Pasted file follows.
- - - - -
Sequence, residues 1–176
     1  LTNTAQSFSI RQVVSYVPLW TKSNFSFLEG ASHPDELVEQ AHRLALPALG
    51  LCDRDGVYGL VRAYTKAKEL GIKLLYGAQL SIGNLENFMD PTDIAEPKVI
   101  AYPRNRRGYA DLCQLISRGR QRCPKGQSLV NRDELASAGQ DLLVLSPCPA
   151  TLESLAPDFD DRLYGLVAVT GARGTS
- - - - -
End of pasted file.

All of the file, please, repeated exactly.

Sequence, residues 1–176
     1  LTNTAQSFSI RQVVSYVPLW TKSNFSFLEG ASHPDELVEQ AHRLALPALG
    51  LCDRDGVYGL VRAYTKAKEL GIKLLYGAQL SIGNLENFMD PTDIAEPKVI
   101  AYPRNRRGYA DLCQLISRGR QRCPKGQSLV NRDELASAGQ DLLVLSPCPA
   151  TLESLAPDFD DRLYGLVAVT GARGTS